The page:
Business leader and fedora aficionado Jabu Mabuza talks about the country’s government and businesses that need to do better
Wearing one of his trademark hats, Jabu Mabuza strides into the board-room carrying a tray of coffees. “I have worked long enough in the hospitality industry to know how to do this,” he declares.
Some titans of industry might not want to be seen serving beverages. But Mabuza, who began his career as a taxi driver, isn’t afraid of being mistaken for the rank and file. Nor does he find anything objectionable about the idea of service. At 59, he devotes most of his time to serving as the voice of business, dedicated to improving the investment climate in a nation with 28 percent unemployment (68 percent among youth), a nation of extreme inequality that is particularly hard on black people.
In his leadership roles at Business Leadership South Africa and Business Unity South Africa, Mabuza sells “SA Inc.” at the World Economic Forum and other global investor gatherings. It’s a cause in which he firmly believes. “Our problems are not insurmountable. There is nothing wrong with our country other than its current leaders. We have a good landscape, beautiful climate, beautiful weather and lovely people who are resilient and passionate,” says Mabuza.
His rise to the top convinced Mabuza that leadership should be earned, continually, and he is not shy about calling out those he believes are falling short. When South African President Jacob Zuma sacked two respected finance ministers, as well as a deputy finance minister, within a space of 15 months, Mabuza openly expressed his disapproval, noting that political infighting had sapped confidence in the country, scared away investment and resulted in a downgrading of the country’s credit rating.
His license to speak truth to power is derived from a 30-year history of building trust across the public and private sectors. As the head of the CEO Initiative, a group of around 80 CEOs who engage with government at its highest levels, he struggles against practices that benefit politicians and corrupt business associates, rather than the country as a whole.
“Government ministers know that when Jabu criticizes them, he is not against them,” says Mabuza. “I’m not about regime change. I am clear that it’s not business’s place to choose political parties, let alone their leaders. That’s a right that citizens express freely and fairly during elections. My role is to point out what’s needed for businesses to invest; to have confidence in the economy.”
Mabuza’s criticisms of government carry such weight, in part, because he also admonishes business, which he says needs to upend the racially skewed marketplace and pursue more inclusive economic growth. “Business whines a lot, ‘Your part of the boat is leaking.’ But we are all in the same boat. We must take joint responsibility, have frank discussions, but also do our part to provide proposals and solutions,” he says.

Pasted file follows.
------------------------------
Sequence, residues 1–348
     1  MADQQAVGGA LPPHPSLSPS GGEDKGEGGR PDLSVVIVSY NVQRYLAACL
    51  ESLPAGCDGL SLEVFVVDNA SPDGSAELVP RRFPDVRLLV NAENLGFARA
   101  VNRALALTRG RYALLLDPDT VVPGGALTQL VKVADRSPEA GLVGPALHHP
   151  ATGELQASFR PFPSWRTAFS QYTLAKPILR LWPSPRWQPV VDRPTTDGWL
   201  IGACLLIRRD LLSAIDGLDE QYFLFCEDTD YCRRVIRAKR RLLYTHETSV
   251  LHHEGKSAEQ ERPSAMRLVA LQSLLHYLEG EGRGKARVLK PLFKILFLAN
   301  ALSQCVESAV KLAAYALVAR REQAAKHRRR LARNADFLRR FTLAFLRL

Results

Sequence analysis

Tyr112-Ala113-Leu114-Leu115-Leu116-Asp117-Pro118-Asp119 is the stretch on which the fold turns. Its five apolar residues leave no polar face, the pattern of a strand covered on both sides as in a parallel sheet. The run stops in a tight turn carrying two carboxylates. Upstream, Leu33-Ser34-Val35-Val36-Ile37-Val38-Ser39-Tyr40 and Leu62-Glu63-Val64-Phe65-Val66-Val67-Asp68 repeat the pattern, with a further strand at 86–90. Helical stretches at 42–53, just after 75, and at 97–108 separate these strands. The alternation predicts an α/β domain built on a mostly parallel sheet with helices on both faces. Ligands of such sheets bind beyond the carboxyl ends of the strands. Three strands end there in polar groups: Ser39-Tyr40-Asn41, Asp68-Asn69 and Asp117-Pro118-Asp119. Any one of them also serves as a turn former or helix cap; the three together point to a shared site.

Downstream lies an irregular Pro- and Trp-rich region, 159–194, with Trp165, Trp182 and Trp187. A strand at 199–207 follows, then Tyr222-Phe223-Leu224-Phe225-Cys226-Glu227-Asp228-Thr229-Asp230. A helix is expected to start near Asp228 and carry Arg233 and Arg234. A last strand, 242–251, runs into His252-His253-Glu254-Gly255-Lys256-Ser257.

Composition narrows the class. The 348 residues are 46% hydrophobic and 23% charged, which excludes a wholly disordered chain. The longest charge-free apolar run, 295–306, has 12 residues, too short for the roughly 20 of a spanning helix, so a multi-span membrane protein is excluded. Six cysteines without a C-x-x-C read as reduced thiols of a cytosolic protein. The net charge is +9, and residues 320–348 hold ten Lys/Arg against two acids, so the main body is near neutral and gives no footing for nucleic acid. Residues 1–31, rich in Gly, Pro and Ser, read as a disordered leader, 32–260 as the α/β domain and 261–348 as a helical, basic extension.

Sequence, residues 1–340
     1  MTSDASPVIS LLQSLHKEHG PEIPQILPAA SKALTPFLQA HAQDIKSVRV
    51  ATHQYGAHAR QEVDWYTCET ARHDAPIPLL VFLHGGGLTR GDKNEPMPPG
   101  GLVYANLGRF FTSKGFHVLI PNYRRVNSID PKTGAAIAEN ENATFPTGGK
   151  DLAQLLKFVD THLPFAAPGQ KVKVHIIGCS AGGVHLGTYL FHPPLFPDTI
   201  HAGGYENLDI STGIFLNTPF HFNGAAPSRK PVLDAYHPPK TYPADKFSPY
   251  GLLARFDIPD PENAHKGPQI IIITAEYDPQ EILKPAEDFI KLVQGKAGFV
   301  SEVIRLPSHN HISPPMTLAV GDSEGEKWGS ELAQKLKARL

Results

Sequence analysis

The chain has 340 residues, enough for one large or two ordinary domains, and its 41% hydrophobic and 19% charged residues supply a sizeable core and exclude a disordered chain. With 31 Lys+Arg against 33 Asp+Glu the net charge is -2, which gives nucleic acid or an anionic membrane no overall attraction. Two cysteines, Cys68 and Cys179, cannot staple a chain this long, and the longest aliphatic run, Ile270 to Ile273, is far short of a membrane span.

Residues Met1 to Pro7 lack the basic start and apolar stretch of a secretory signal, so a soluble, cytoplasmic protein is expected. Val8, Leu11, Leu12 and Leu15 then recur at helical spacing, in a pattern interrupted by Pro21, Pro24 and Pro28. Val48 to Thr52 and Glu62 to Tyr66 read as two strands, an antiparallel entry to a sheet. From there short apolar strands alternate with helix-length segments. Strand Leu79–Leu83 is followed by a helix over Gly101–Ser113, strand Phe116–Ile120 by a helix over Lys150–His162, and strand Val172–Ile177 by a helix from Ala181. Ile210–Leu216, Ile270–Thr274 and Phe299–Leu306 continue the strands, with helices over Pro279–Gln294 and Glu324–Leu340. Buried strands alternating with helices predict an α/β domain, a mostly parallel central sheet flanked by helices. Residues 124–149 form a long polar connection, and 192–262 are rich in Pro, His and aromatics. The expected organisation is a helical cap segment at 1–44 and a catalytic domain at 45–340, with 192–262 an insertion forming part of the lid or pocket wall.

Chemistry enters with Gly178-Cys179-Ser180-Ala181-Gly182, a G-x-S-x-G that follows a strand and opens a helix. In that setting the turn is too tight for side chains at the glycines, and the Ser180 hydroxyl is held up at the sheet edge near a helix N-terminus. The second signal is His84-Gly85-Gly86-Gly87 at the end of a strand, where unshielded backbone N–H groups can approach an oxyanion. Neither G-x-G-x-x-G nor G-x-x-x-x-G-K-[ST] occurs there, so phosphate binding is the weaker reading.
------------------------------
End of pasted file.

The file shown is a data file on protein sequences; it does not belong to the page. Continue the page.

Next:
Mabuza ranks as one of South Africa’s most accomplished executives. Previously he held top executive positions at JSE-listed hospitality Tsogo Sun and Southern Sun Gaming. He currently chairs the Africa board of the recently merged AB InBev-SABMiller. He is also chairman of telecommunications operator Telkom, where he oversaw a dramatic turnaround in the fortunes of the partly state-owned company.
Yet Mabuza is also an advocate for the little guy. As president of Business Unity South Africa, he has gone a long way toward working with labor unions on the development of a minimum wage.
In 2012, when the government asked Mabuza to take over the 40-percent state-owned Telkom, “I knew nothing about telecoms,” he says. But he knew that reversing declines at the troubled company would require strong governance and independence to limit the cronyism that has permeated other state-owned companies.
“I requested two things: that the President allow me to constitute my own board and that he allow the board to appoint its own chief executive, who in turn appoints his own competent and professional executives.” Telkom has been lauded as the blueprint for successful public-private partnerships. Not reliant on the state for funding, Telkom’s financial performance has been reflected in the sharply rising share price – which increased from a low of 11 rand ($0.79) to around 60 rand today – as well as larger dividends for its shareholders.
Mabuza grew up in a poor rural family and drove a taxi from a young age. Having started a law degree, he was forced to drop out of university due to a lack of money. The repressive Apartheid regime’s crackdown on student activists also prompted his move to the safety of an administrative job in local government. Throughout, he kept driving a taxi, sacrificing sleep in his effort to get ahead. By the mid 1980s, at the height of Apartheid, Mabuza had saved enough to buy his own taxi. His entrepreneurial acumen caught the eye of the South African Black Taxi Association (SABTA), which brought him into its leadership.
“These older taxi drivers said, ‘Here’s a man that can minute our meetings, interpret when we talk business, who speaks English,’” says Mabuza.
A problem at the time was accessing finance. The banks regarded the black taxi sector as high risk. Yet they were the largest consumer of automotive products outside of government and had considerable bargaining power. Mabuza devised new ways to use that power. Frustrated with the obstacles facing black business owners seeking credit, he helped found Future Bank in 1991, and became its founding Chairman.